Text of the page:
Althuis MD, Fergenbaum JH, Garcia-Closas M et al (2004) Etiology of hormone receptor-defined breast cancer: a systematic review of the literature. Cancer Epidemiol Biomark Prev 13:1558–1568Google Scholar
  3. 3.
    Anderson WF, Chu KC, Chatterjee N et al (2001) Tumor variants by hormone receptor expression in white patients with node-negative breast cancer from the Surveillance, Epidemiology, and End Results database. J Clin Oncol 19:18–27PubMedGoogle Scholar
  4. 4.
    Anderson WF, Chatterjee N, Ershler WB et al (2002) Estrogen receptor breast cancer phenotypes in the Surveillance, Epidemiology, and End Results database. Breast Cancer Res Treat 76:27–36PubMedCrossRefGoogle Scholar
  5. 5.
    Bardou VJ, Arpino G, Elledge RM et al (2003) Progesterone receptor status significantly improves outcome prediction over estrogen receptor status alone for adjuvant endocrine therapy in two large breast cancer databases. J Clin Oncol 21:1973–1979PubMedCrossRefGoogle Scholar
  6. 6.
    Barlow L, Westergren K, Holmberg L et al (2009) The completeness of the Swedish Cancer Register: a sample survey for year 1998. Acta Oncol 48:27–33PubMedCrossRefGoogle Scholar
  7. 7.
    Barnett GC, Shah M, Redman K et al (2008) Risk factors for the incidence of breast cancer: do they affect survival from the disease? J Clin Oncol 26:3310–3316PubMedCrossRefGoogle Scholar
  8. 8.
    Bartlett JM, Brookes CL, Robson T et al (2011) Estrogen receptor and progesterone receptor as predictive biomarkers of response to endocrine therapy: a prospectively powered pathology study in the Tamoxifen and Exemestane Adjuvant Multinational trial. J Clin Oncol 29:1531–1538PubMedCrossRefGoogle Scholar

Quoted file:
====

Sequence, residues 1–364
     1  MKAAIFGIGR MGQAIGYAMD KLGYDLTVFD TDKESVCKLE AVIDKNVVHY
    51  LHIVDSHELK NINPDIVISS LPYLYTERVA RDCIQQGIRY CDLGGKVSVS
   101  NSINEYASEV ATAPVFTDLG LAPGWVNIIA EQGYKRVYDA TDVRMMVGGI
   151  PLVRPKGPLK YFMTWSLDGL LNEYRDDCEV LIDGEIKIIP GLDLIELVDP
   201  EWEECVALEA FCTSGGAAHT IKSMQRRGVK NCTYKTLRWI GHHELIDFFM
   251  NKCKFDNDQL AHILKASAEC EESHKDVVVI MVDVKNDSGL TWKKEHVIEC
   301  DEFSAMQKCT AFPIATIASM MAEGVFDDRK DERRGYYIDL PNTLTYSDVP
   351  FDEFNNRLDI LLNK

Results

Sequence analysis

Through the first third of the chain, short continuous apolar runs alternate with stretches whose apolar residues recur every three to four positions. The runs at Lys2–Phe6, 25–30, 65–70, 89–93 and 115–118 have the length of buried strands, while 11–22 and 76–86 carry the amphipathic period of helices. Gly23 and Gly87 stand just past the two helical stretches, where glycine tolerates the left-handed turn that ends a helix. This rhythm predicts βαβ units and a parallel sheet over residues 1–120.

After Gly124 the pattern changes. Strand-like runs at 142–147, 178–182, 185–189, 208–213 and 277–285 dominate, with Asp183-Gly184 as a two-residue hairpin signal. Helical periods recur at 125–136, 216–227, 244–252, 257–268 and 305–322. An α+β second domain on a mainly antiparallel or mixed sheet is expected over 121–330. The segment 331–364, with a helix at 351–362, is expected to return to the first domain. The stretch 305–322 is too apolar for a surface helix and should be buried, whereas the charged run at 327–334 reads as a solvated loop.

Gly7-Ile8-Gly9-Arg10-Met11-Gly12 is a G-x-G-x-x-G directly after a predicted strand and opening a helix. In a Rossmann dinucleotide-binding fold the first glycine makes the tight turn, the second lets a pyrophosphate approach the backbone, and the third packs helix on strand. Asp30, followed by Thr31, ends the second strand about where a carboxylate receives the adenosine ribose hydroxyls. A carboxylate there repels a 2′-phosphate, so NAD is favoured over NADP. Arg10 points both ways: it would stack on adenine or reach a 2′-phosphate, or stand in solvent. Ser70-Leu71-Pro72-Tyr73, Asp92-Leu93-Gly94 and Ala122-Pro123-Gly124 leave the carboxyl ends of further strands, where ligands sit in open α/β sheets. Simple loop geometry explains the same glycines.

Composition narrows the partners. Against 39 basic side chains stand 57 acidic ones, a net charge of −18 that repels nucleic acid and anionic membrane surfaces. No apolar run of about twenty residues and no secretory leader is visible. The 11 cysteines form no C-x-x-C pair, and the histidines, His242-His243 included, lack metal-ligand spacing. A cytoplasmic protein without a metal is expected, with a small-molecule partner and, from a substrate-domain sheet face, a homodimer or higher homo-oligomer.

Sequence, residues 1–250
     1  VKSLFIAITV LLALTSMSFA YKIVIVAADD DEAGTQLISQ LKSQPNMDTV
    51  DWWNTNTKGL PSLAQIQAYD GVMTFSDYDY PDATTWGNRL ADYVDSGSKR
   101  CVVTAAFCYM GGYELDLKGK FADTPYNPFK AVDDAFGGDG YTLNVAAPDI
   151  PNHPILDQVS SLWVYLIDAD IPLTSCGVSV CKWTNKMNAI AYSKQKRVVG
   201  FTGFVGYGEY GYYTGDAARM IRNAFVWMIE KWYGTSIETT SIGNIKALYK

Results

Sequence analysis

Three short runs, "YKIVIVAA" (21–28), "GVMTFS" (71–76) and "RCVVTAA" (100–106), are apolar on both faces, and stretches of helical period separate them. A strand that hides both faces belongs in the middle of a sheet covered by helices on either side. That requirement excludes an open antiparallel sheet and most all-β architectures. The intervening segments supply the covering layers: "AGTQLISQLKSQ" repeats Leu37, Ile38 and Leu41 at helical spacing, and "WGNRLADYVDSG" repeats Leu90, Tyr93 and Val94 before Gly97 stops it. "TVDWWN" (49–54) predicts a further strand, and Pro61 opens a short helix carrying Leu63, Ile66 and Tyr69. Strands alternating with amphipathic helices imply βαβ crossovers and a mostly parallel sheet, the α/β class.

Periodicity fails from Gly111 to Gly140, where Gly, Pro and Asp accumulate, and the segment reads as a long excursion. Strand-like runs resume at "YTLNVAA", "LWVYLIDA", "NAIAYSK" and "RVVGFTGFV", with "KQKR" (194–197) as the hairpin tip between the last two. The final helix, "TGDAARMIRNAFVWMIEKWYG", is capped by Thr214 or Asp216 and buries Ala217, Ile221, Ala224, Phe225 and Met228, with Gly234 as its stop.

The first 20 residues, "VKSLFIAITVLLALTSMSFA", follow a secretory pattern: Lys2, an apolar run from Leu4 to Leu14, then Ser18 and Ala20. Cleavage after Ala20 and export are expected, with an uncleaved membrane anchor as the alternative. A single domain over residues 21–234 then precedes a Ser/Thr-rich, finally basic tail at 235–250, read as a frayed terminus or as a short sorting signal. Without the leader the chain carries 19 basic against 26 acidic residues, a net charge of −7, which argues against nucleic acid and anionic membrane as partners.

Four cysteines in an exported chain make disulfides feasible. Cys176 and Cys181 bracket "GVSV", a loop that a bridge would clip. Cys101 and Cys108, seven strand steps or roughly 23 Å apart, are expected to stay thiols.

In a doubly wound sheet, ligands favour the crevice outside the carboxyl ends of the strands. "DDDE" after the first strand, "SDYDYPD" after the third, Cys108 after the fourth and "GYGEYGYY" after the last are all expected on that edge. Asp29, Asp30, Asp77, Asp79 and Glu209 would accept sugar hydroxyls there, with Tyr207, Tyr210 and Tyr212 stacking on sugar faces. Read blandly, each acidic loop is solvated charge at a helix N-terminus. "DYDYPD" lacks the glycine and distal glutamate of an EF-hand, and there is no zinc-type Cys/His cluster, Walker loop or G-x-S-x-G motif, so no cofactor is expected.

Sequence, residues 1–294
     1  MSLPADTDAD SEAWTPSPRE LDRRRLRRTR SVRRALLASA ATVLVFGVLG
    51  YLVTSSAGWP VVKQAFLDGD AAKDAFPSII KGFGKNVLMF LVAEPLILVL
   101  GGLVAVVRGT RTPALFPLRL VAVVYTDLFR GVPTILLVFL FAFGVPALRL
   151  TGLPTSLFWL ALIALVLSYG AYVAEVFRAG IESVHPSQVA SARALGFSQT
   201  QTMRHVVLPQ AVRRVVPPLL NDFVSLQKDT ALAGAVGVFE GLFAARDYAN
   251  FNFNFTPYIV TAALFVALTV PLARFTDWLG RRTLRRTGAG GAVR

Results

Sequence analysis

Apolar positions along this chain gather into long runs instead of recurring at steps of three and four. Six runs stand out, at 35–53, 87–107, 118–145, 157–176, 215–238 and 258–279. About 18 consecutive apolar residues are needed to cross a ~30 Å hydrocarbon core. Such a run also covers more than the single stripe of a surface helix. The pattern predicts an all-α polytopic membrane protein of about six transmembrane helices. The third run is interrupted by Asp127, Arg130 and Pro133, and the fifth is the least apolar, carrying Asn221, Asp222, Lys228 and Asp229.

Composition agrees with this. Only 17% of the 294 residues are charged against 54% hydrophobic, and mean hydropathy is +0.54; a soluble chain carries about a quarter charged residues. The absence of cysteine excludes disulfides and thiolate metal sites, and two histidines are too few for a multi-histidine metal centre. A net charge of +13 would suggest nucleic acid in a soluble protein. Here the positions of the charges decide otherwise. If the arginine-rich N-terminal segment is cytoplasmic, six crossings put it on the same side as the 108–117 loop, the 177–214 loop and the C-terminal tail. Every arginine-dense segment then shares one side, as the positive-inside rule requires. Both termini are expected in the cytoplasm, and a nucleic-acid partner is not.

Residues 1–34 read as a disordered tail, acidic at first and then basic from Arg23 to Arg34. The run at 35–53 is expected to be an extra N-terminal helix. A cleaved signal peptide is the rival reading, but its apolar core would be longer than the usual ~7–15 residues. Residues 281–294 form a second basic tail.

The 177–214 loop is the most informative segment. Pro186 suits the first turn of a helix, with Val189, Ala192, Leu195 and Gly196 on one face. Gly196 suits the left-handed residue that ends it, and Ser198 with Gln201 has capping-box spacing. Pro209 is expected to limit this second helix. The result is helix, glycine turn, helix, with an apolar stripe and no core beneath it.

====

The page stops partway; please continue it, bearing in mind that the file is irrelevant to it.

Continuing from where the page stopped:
9. 9.
    Britton JA, Gammon MD, Schoenberg JB et al (2002) Risk of breast cancer classified by joint estrogen receptor and progesterone receptor status among women 20–44 years of age. Am J Epidemiol 156:507–516PubMedCrossRefGoogle Scholar
  10. 10.
    Butt S, Borgquist S, Garne JP et al (2009) Parity in relation to survival following breast cancer. Eur J Surg Oncol 35:702–708PubMedCrossRefGoogle Scholar
  11. 11.
    Chevallier B, Heintzmann F, Mosseri V et al (1988) Prognostic value of estrogen and progesterone receptors in operable breast cancer. Results of a univariate and multivariate analysis. Cancer 62:2517–2524PubMedCrossRefGoogle Scholar
  12. 12.
    Clark GM, Osborne CK, Mcguire WL (1984) Correlations between estrogen-receptor, progesterone-receptor, and patient characteristics in human-breast cancer. J Clin Oncol 2:1102–1109PubMedGoogle Scholar
  13. 13.
    Cnattingius S, Ericson A, Gunnarskog J et al (1990) A quality study of a medical birth registry. Scand J Soc Med 18:143–148PubMedGoogle Scholar
  14. 14.
    Costa SD, Lange S, Klinga K et al (2002) Factors influencing the prognostic role of oestrogen and progesterone receptor levels in breast cancer—results of the analysis of 670 patients with 11 years of follow-up. Eur J Cancer 38:1329–1334PubMedCrossRefGoogle Scholar
  15. 15.
    Dunnwald LK, Rossing MA, Li CI (2007) Hormone receptor status, tumor characteristics, and prognosis: a prospective cohort of breast cancer patients. Breast Cancer Res 9:R6PubMedCrossRefGoogle Scholar